February Monthly PAYGW 21 March
January - March GST, WET, LCT, PAYGI & FBTI

March PAYGW

28 April
April Monthly PAYGW 21 May
May Monthly PAYGW 21 June
April - June GST, WET, LCT, PAYGI & FBTI

June PAYGW

28 July

No GST (WET, LCT), and quarterly PAYGW and/or PAYGI and/or FBTI

Period Due Date
Quarter 1

(July to September)

28 October
Quarter 2

(October to December)

28 February
Quarter 3

(January to March)

28 April
Quarter 4

(April to June)

28 July

Quarterly consolidated PAYGI - lodged by the head company (regardless of any other obligations)

Period Due Date
Quarter 1

(July to September)

21 October
Quarter 2

(October to December)

21 January
Quarter 3

(January to March)

21 April
Quarter 4

(April to June)

21 July

No GST (WET, LCT), quarterly PAYGI, FBTI or monthly PAYGW

Period Due Date
July Monthly PAYGW 21 August
August Monthly PAYGW 21 September
July - September PAYGI and/or FBTI

September PAYGW

28 October
October Monthly PAYGW 21 November
November Monthly PAYGW 21 December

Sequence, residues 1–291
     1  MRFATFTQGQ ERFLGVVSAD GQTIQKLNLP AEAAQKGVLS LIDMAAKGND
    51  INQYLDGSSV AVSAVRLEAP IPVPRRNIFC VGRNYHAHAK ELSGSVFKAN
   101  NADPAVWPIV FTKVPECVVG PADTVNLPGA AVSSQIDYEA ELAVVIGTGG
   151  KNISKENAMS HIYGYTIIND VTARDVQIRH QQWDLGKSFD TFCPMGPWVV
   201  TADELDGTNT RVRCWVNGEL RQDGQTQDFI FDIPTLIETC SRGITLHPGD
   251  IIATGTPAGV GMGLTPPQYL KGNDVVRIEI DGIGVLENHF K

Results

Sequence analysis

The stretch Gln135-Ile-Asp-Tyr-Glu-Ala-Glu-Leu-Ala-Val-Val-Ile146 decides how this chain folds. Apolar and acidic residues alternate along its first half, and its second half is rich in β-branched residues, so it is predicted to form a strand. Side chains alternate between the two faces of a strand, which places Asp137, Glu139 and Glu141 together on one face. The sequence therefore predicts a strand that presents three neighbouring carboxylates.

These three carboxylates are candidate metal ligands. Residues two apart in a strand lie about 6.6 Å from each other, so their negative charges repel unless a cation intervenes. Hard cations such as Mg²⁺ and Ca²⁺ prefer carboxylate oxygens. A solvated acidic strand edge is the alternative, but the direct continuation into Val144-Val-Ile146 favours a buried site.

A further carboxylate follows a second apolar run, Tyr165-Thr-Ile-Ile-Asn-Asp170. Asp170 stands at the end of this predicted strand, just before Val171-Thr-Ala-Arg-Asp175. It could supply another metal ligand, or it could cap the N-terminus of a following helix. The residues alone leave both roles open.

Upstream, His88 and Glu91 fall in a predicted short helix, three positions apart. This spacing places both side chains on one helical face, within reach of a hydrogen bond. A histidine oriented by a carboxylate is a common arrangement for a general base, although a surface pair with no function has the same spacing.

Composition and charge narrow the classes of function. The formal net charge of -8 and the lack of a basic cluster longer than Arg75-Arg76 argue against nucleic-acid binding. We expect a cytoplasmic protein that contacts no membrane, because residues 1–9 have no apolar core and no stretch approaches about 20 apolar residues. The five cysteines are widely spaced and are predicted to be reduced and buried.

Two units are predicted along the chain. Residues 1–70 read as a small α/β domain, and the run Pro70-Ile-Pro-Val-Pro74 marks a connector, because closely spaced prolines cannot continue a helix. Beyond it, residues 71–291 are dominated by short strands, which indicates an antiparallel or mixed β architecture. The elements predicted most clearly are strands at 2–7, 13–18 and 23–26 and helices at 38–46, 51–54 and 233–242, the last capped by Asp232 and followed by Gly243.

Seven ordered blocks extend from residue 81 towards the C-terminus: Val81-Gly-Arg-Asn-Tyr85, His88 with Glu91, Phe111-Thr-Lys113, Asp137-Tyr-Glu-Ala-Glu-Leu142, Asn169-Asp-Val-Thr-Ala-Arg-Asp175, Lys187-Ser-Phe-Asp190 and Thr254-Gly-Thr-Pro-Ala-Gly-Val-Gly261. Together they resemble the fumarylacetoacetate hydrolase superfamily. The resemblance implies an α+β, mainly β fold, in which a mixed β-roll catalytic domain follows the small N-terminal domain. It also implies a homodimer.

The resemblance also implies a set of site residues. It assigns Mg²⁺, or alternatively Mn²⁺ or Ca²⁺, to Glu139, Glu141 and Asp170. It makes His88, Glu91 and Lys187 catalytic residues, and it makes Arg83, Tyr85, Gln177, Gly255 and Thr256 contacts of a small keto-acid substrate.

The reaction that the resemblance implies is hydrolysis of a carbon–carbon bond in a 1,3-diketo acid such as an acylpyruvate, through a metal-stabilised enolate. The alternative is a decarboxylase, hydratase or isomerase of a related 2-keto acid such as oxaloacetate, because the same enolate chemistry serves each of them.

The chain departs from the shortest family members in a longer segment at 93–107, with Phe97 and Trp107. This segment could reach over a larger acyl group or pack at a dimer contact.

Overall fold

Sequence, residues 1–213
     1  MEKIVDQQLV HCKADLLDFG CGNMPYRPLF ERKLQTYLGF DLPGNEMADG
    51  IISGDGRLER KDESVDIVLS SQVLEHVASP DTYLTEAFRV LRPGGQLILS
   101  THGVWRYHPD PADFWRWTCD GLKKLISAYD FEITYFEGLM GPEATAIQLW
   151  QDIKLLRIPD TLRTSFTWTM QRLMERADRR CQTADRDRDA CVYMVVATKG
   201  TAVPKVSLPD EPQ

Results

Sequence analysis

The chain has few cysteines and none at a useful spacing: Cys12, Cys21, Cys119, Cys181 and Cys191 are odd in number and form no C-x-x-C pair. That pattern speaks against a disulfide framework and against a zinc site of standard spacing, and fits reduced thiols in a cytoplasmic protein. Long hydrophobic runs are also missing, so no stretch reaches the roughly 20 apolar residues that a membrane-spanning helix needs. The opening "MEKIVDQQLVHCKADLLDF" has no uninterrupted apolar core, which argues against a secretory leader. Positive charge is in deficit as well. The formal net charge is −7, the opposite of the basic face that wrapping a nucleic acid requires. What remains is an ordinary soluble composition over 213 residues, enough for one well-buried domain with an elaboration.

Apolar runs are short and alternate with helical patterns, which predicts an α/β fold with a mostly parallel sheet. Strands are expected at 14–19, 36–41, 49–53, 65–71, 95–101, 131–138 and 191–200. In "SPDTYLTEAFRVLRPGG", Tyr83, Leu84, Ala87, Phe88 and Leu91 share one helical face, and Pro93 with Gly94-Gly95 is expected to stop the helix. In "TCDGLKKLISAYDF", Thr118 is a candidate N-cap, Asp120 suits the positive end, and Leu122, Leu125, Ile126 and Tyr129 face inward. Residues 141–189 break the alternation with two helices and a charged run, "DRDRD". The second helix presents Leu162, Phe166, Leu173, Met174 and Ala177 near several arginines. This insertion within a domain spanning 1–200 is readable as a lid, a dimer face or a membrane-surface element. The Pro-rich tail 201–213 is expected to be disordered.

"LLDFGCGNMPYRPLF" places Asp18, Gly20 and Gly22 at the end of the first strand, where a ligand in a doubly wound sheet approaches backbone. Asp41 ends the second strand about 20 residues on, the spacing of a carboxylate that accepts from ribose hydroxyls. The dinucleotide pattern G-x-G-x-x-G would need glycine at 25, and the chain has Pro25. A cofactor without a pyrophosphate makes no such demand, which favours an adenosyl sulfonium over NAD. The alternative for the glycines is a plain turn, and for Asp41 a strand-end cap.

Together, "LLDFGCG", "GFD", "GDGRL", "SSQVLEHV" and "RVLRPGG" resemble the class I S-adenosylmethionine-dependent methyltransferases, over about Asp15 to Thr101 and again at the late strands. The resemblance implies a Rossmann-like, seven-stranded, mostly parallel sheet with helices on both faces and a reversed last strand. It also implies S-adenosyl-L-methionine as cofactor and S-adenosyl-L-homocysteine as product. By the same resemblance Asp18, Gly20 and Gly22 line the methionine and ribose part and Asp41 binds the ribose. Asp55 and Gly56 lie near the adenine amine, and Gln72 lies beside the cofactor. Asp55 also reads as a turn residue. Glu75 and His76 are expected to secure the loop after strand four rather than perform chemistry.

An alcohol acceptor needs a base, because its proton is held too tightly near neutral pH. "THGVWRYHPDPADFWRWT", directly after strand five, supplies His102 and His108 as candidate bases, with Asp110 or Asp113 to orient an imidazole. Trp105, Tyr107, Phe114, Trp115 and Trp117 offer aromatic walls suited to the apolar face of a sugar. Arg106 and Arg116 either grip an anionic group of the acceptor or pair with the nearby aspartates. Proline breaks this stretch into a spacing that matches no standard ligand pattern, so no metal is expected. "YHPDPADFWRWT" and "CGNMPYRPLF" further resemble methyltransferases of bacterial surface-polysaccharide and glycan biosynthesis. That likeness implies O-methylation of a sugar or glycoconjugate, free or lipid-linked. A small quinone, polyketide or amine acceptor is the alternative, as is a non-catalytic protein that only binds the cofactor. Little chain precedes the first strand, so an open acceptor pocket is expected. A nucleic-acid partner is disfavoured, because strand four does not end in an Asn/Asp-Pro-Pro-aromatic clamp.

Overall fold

October - December PAYGI and/or FBTI December PAYGW 28 February
January Monthly PAYGW 21 February
February Monthly PAYGW 21 March
January - March PAYGI and/or FBTI March PAYGW 28 April
April Monthly PAYGW 21 May
May Monthly PAYGW 21 June
April - June PAYGI and/or FBTI June PAYGW 28 July

Monthly GST (WET, LCT), (FTC) and other monthly or quarterly obligations
OR
No GST (WET, LCT), PAYGI or FBTI and monthly PAYGW only

Period Due Date
July 21 August
August 21 September
September 21 October
October 21 November
November 21 December
December 21 January
January 21 February
February 21 March
March 21 April
April 21 May
May 21 June
June 21 July

Amendment History

Date of amendment Part Comment
29 November 2019   Minor update and remove references to Tax & BAS Agent portal and insert Online Services for Agents.
12 July 2019 Paragraph 14 Remove reference to ELS which has been retired
14 March 2019 72

93 - 97

Attachment B

FBT included to list of exclusions

MEC and consolidated groups updated

Updated to reflect extensions of the taxable payments reporting system

26 July 2018 All Rewrite into the new style and format
30 June 2017 Paragraph 21 Updated Federal Register of Legislative Instruments to Federal Register of Legislation
Footnote 4 Updated Federal Register of Legislative Instruments to Federal Register of Legislation
Paragraph 172 Deletion of reference to information report